Michel Pireu Columnist

“My job is essentially just corralling more and more and more facts and information, and occasionally seeing whether that leads to some action. But we don’t read other people’s opinions. We want to get the facts, and then think for ourselves.” — Warren Buffett.

“The media select, they interpret, they emotionalise and they create facts. The media not only reduce reality by lowering information density. They focus reality by accumulating information where actually none exists. A typical stock market report looks like this: Stock X increased because ... Index Y crashed due to ... Price Z continues to rise after ... Most of these explanations are post-hoc rationalisations. An artificial logic is created, based on a simplistic understanding of the markets, which implies that there are simple explanations for most price movements; that price movements follow rules which then lead to systematic patterns; and, of course, that the news disseminated by the media decisively contributes to the emergence of price movements. When the reality is that for most of the time, about almost everything that takes place in the financial markets — and elsewhere — nobody really knows.” — Thomas Schuster.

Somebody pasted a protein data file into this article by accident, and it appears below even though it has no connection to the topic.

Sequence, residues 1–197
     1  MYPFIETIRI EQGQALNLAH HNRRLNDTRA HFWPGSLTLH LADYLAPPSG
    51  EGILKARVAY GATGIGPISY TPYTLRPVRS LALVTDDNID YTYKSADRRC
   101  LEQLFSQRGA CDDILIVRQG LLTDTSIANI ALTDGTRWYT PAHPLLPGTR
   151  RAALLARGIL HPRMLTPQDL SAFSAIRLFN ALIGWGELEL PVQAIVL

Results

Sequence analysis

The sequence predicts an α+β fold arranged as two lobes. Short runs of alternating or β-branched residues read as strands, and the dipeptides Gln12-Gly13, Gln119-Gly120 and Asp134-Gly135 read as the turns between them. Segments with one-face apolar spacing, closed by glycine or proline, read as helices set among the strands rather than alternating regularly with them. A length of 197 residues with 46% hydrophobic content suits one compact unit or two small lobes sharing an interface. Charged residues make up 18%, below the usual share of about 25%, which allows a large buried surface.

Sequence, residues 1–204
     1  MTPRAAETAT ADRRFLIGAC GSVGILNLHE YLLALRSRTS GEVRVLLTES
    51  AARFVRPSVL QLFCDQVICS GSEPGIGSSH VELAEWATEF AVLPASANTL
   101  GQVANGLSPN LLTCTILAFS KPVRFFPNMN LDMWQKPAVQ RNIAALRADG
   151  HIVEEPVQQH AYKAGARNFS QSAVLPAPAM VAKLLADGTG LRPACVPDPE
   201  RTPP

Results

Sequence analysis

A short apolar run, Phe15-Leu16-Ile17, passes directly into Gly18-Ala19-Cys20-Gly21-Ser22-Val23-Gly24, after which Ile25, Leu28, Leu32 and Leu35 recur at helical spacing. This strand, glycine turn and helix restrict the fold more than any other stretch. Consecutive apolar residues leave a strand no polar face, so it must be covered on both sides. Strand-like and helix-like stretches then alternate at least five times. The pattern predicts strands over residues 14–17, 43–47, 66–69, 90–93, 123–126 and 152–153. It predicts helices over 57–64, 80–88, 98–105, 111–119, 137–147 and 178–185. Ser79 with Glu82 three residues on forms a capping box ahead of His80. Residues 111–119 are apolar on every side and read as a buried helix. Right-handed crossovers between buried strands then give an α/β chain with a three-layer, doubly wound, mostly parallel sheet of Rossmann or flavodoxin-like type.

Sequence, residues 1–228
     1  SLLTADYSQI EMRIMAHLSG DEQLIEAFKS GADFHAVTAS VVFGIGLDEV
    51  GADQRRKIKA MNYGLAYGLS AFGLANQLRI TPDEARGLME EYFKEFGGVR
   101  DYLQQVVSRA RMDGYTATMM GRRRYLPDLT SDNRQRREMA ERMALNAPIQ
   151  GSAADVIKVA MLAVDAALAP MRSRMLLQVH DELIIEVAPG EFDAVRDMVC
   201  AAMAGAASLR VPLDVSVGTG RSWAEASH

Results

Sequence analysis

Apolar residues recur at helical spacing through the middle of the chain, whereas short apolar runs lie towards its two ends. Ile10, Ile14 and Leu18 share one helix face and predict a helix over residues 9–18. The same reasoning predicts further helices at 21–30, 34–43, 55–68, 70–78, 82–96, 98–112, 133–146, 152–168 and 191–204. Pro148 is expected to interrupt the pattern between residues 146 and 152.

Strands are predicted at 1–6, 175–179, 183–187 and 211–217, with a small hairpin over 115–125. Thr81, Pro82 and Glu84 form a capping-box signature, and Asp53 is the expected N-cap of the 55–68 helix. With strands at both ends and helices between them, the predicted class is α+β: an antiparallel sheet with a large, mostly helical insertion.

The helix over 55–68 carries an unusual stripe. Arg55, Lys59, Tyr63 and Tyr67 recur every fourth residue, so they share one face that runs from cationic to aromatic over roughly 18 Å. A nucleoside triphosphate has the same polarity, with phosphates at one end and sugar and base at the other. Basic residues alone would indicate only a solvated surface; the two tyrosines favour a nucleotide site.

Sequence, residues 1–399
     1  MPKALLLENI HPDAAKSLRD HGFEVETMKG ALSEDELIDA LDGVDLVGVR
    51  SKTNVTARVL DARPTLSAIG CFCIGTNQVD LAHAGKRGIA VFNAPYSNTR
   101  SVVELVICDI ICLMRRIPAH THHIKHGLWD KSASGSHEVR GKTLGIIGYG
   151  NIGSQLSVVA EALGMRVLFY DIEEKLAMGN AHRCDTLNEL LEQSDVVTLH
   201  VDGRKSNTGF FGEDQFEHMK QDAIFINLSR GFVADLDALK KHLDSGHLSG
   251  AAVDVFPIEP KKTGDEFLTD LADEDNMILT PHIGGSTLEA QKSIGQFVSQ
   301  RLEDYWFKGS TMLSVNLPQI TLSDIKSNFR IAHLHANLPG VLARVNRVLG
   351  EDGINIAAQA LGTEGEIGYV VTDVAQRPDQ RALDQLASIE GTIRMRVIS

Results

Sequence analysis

“We are in this sad state, because 200 years ago we invented a toxic form of knowledge called ‘news’. The time has come to recognise the detrimental effects that news has on individuals and societies, and to take the necessary steps to shield yourself from its dangers.” — Rolf Dobelli.

“Does this mean we should stop paying attention to the world around us and simply ignore all financial news and trends? No. Of course not, ignorance is disastrous for different reasons; you have to know what’s going on. But the art of investing is not about figuring out what has already happened. It’s about anticipating the future and creating the future that others will read about in The Wall Street Journal.”  — Joshua Rogers.

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